By Leah Williams, PMP, CSCP
Due to its ability to impact the flow of goods to and from an organization, supply management often serves as a company’s backbone. The function is critical to organizational success, as it can improve customer satisfaction and reduce costs.
Since joining the supply management profession, one of the questions I am most asked is, “What is supply management?” In answering the question, I have found it useful to explain supply management by tying it to the five Ws — who, what, when, where and why. The five Ws have been used to lay a foundation for problem-solving, information gathering and storytelling. They can also be used to spread awareness of supply management.
Who: The Customer
In supply management, the customer is the person or organization requesting a good or service. The goal of a practitioner is to satisfy the customer’s needs while fulfilling the business needs of the supply chain. In order to fulfill a customer’s request, the supply management team strives to provide the right product or service, at the right time, at the best price. Customer satisfaction is — or at least should be — a recurring theme throughout the profession.
What: The Product or Service
A customer’s needs are is met by providing the requested product or service. Products are tangible items, services intangible actions. The products and services provided a customer vary based on the organization’s business capabilities and industry. Supply management encompasses the steps and processes necessary to provide the product or service.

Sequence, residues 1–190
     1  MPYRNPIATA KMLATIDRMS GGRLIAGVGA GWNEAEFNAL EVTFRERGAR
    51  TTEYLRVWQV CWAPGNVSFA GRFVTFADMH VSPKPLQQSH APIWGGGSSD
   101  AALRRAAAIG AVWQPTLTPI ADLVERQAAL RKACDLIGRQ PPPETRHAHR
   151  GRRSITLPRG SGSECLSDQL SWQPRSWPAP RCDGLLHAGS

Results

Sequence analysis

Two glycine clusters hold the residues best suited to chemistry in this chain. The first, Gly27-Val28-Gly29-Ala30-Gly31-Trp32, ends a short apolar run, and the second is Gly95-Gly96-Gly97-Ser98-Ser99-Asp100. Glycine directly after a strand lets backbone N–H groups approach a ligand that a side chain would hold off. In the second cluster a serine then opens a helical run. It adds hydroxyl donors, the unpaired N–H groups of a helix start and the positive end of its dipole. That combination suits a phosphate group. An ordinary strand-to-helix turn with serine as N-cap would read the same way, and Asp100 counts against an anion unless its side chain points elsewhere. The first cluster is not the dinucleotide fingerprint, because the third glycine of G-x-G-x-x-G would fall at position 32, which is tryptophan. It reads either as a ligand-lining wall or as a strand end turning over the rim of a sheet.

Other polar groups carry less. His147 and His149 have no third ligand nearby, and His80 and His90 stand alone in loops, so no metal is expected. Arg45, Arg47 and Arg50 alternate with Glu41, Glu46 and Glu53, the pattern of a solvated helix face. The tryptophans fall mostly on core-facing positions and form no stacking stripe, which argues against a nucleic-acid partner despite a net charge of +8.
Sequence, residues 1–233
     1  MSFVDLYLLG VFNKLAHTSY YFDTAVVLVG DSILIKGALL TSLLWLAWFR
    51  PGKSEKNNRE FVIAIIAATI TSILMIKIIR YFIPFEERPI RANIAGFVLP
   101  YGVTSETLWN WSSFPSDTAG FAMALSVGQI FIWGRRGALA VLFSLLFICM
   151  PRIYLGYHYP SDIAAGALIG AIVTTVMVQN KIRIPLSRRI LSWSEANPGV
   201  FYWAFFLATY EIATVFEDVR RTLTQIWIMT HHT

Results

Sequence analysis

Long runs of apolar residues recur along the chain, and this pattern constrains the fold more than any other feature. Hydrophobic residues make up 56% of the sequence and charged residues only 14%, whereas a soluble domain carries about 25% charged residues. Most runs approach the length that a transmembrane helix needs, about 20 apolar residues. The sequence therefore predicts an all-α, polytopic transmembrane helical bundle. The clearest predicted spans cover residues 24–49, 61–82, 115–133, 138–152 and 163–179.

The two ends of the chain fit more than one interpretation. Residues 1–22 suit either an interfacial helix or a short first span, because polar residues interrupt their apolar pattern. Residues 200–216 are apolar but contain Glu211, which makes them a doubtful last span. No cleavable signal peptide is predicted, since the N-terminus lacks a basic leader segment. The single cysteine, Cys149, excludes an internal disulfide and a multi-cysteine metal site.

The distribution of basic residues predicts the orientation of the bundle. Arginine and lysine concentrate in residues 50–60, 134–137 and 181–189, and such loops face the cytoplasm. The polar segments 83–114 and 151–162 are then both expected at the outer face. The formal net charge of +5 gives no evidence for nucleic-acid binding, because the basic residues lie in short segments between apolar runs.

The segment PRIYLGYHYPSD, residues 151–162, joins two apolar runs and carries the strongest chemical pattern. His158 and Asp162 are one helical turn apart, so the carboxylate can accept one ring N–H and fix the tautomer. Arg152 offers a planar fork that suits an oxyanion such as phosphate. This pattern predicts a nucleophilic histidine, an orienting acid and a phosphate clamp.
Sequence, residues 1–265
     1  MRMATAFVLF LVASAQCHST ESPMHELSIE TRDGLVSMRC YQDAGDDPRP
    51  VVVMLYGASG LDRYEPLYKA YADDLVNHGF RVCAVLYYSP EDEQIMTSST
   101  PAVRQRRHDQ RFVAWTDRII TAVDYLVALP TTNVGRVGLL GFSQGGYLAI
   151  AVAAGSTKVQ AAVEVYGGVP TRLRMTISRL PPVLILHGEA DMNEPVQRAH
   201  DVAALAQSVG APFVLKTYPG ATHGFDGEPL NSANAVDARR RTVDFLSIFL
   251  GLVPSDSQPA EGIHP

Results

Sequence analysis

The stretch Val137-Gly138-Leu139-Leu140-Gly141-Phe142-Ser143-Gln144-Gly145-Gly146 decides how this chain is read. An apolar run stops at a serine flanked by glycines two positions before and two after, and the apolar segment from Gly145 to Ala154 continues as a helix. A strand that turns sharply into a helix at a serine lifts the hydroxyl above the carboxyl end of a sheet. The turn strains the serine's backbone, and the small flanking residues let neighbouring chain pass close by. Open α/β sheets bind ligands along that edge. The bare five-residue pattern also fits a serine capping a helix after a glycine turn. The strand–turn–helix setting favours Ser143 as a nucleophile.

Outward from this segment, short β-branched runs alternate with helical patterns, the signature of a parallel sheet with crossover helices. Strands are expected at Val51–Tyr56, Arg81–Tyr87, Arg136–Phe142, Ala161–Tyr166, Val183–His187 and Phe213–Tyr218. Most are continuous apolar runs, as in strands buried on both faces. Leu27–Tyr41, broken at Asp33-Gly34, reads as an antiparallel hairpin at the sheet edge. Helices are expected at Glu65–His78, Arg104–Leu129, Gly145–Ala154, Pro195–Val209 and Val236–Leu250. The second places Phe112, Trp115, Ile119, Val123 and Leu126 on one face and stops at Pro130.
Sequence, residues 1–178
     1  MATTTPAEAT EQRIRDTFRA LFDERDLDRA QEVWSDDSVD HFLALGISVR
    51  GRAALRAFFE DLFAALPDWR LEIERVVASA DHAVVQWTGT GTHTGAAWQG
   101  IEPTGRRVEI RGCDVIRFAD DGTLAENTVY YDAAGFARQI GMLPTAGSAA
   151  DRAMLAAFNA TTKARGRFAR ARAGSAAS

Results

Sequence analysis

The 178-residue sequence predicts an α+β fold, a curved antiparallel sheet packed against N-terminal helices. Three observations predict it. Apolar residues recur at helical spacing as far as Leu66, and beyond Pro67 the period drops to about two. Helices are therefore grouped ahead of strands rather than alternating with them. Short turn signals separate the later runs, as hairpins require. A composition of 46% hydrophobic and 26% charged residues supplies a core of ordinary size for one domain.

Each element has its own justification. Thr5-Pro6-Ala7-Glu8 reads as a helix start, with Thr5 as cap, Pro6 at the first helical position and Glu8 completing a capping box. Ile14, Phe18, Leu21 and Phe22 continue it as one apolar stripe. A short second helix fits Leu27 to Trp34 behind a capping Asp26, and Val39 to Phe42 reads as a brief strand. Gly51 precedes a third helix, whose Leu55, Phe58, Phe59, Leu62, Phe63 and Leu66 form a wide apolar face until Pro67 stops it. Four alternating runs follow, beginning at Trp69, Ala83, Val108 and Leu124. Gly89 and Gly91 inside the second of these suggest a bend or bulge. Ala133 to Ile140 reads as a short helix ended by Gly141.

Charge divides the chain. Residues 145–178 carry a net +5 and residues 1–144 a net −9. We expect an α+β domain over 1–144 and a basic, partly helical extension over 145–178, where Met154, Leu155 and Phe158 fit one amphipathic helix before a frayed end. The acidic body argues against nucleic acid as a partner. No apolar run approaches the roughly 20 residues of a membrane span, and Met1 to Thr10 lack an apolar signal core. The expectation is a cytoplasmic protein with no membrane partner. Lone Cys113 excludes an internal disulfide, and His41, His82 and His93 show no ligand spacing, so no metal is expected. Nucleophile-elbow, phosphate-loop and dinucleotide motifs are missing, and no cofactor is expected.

When: The Deadline
Supply management activities must be executed on a tight schedule. The customer and organization agree on a deadline, and supply management takes the necessary steps to meet that goal. Several supply management activities are involved in every request. If one process is delayed, there could be negative repercussions on subsequent processes. All processes and steps impact the timetable for delivery of the requested product or service.
Where: The Location
A location is a specific place or position. When requesting a product or service, the customer specifies where the product should be delivered or the service provided. Once specified, the supply management team prepares a plan and process schedule, to make sure the customer’s location needs are met. Supply management strives to provide the product or service at the agreed-upon location, on time.
Why: The Purpose
The purpose of supply management is to satisfy the needs of the customer and the organization. The function connects multiple aspects of the business and affects the efficiency, quality and productivity of an organization’s operations. Supply management also impacts the flow of goods to and from the organization — flow of products to the customer, flow of cash from the customer, and flow of information in both directions. The success of an organization is directly impacted by the success of supply management.
The five Ws are just one method of explaining such a complex profession. Each “W” is connected through the purpose and processes of supply management. As we continue to spread awareness of the profession, the five Ws, along with other teaching tools, can be used summarize key information.
Leah Williams, PMP, CSCP, is a supply chain analyst at Northrup Grumman Corporation in Linthicum Heights, Maryland, and a 2017 ISM® 30 Under 30 Rising Supply Chain Star. The views expressed in this article are solely those of the author.